Barings Plantation Parkers Ferry Charleston County
- Location South Edisto River, Parkers Ferry, St. Paul's Parish, Charleston County
Original property was bounded to the south by Penny Creek, to the north by US 17, and to the west by the South Edisto River
- Origin of name Named after Charles Baring II, owner in the 1830s
- Other names Sandy Point Plantation
- Current status Privately owned
- ? Earliest known date of existence
1831 Charles Baring II purchased 1,200 acres from Thomas Middleton. This was the first purchase he made in his attempt to create his own plantation (Linder, p. 31).
Charles Baring II married Susan Cole Heyward, a widow. She had several plantations which were her late husbands. The couple could have lived on any of them for as long as Susan was alive. Upon her death all the plantations would revert to her brother-in-law, Nathaniel Heyward. Charles Baring chose instead to create his own plantation (Linder, p. 31).
- 1832 Charles Baring II purchased 759 acres from Marks Lazarus. The tract of land was known as 'Hext Old Field' (Linder, p. 32).
That same year Baring also purchased two tracts at a Sheriff's auction: 200 acres known as Denny's Tract and 600 acres from N.G. Cleary (Linder, p. 32).
- 1846 Susan Cole Heyward Baring died on September 5. A year later, at the age of 73, Charles Baring II remarried to Constance Beatrice Dent and they had a son, Alexander Baring (Linder, p. 32).
- 1850 Charles Baring had a plat made of his property to ensure a legal title to his 4,544 acres (Linder, p. 32).
Barings Plantation was quite successful. In the 1850 Census, the plantation was listed as 4,544 acres with 1,600 under cultivation. There were 140 slaves working on the plantation (Linder, p. 32).
- 1856 The Charleston and Savannah Railroad obtained a right-of-way directly through Barings Plantation (Linder, p. 33).
- 1860 Charles Baring II and his wife Constance began living in Flat Rock, North Carolina full time (Linder, p. 33).
Around this time, the Barings leased the plantation house to Seymour, a free black hotelier. Seymour and his wife made the house an inn for travelers going back and forth from Charleston and the Beaufort area (Linder, p. 33).
- 1865 Charles Baring II died in Flat Rock, North Carolina. His wife and son kept the plantation even though the house had been burned by Union troops (Linder, p. 34).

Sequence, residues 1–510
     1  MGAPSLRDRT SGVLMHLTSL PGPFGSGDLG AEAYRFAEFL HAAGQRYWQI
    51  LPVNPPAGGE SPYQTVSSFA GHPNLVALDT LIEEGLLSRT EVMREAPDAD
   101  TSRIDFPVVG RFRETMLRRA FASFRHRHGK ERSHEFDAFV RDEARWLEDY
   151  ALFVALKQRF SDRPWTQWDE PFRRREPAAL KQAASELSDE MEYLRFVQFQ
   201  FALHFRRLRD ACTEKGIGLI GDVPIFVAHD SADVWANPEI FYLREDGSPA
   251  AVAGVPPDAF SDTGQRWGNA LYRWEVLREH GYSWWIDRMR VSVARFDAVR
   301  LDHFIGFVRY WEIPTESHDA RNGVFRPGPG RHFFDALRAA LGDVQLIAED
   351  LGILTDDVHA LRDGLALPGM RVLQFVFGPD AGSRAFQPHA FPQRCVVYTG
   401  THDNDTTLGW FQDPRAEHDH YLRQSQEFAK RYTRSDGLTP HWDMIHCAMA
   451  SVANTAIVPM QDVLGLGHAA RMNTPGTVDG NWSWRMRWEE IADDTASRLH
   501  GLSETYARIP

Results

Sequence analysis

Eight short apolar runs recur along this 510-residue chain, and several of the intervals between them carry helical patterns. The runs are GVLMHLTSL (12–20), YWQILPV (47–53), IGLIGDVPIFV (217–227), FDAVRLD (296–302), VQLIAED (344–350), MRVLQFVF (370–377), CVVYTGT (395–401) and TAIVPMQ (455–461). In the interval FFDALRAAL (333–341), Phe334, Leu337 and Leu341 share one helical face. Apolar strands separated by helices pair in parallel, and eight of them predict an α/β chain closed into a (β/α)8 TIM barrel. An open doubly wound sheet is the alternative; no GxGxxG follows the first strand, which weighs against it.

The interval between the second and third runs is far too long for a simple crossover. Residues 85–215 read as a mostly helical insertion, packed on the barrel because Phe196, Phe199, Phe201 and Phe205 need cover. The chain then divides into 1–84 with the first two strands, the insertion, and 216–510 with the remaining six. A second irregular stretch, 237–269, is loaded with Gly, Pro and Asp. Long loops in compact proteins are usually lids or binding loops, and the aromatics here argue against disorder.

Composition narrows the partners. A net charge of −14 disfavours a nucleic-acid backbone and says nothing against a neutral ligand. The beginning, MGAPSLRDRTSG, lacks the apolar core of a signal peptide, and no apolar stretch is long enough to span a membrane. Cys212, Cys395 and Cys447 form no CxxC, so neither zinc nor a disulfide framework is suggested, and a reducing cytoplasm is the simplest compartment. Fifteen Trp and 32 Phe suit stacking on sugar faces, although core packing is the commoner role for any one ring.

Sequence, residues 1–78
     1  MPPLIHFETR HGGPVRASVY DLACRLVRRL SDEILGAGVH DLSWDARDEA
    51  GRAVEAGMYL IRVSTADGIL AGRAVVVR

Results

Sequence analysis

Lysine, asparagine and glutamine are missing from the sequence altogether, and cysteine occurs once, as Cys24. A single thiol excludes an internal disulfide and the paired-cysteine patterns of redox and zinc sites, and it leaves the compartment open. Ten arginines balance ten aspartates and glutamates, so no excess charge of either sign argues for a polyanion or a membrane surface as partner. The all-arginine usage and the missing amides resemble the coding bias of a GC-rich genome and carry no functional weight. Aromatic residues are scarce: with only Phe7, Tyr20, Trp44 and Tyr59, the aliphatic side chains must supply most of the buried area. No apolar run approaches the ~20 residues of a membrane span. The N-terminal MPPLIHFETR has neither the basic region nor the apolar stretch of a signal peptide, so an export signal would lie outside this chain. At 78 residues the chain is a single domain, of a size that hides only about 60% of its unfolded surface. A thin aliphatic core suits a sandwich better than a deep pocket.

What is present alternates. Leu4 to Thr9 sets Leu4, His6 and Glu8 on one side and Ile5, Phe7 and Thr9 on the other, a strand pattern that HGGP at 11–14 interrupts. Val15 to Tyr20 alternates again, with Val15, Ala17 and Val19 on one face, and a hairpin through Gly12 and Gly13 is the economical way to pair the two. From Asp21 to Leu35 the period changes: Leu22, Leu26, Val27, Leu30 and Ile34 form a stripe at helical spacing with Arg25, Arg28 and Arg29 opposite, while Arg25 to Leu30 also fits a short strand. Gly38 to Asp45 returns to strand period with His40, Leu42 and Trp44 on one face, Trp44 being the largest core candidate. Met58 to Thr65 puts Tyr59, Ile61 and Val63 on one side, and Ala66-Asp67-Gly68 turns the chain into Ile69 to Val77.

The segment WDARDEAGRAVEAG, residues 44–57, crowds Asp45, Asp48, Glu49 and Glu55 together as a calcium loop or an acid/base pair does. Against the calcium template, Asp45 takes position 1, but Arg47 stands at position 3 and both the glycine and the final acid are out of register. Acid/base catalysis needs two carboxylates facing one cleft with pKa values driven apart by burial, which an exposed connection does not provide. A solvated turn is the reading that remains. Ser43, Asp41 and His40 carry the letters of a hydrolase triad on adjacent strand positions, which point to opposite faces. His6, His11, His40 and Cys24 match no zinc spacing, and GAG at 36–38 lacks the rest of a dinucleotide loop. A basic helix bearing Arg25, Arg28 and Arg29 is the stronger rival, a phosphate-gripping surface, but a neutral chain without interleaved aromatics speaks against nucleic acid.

- 1881 Constance Baring appointed George W. Grafflin trustee of the plantation. Grafflin leased the plantation lands for 10 years to Frank Fishburne to pay off debts either incurred by Charles Baring or his wife. Frank Fishburne used the land to mine for phosphates (Linder, p. 34).
- 1891 George W. Grafflin sold the plantation to Georgia Chemical Works for $70,000. The plantation consisted of 3,294 acres at the time (Linder, p. 34).
- 1902 Georgia Chemical Works sold the land to the Charleston Mining and Manufacturing Company (Linder, p. 34).
- 1995 After the property passed through several hands Lucius G. Fishburne and William Bruce Wimberley purchased a large part of the property. Fishburne and Wimberley refer to their property as Sandy Point Plantation (Linder, p. 34).
Lee Wimberley, son of William Bruce Wimberley, shared these memories with us, "My father, WB Wimberley, owned this property with LG Fishburne for 20+ years and we hunted, fished and explored it from one end to the other. There were a couple of old home sites on this property as well as one or two abandoned wells. We frequently found Civil War, Revolutionary War and pre-Revolutionary war artifacts, including some incredible Indian things (spear heads, pipes, pottery) and while digging a sand pit to sell sand for the widening of the Charleston Highway (US 17) we found prehistoric fossils like Megaladon shark teeth, etc."
- Number of acres 1,200 in 1831; 2,759 in 1832; 4,544 in 1850; 3,294 in 1891
- Primary crop Rice
In the 1850 Agriculture Census, Barings Plantation produced 570,000 pounds of rice, 2,000 bushels of corn, 2,000 bushels of peas, and 1,600 bushels of sweet potatoes. The livestock on the plantation consisted of 30 milk cows, 15 horses, 16 oxen, 150 sheep, and 300 other cattle (Linder, p. 33).
The 1860 Agriculture Census shows a dramatic decrease in the production of the plantation. Only 40,000 pounds of rice were produced, 100 bushels of peas, and 400 bushels of sweet potatoes (Linder, p. 33).
- Chronological list Thomas Middleton (?-1831); Charles Barings II (1831-1865); Constance Baring (1865-1891); Georgia Chemical Works (1891-1902); Charleston Mining and Manufacturing Company (1902-?); Lucius G. Fishburne and William Bruce Wimberley (1995-?)
- Number of slaves 140 in 1850
- Plantation house It is assumed that Charles Baring II built a plantation house on the property. In the 1860s he leased the house to a free black hotelier, Seymour. Seymour and his wife created an inn for travelers going back and forth from Charleston to the Beaufort area (Linder, p. 33-34).
- Suzanne Cameron Linder, Historical Atlas of the Rice Plantations of the ACE River Basin - 1860
(Columbia, SC: South Carolina Department of Archives and History, 1995)
Order Historical Atlas of the Rice Plantations of the ACE River Basin - 1860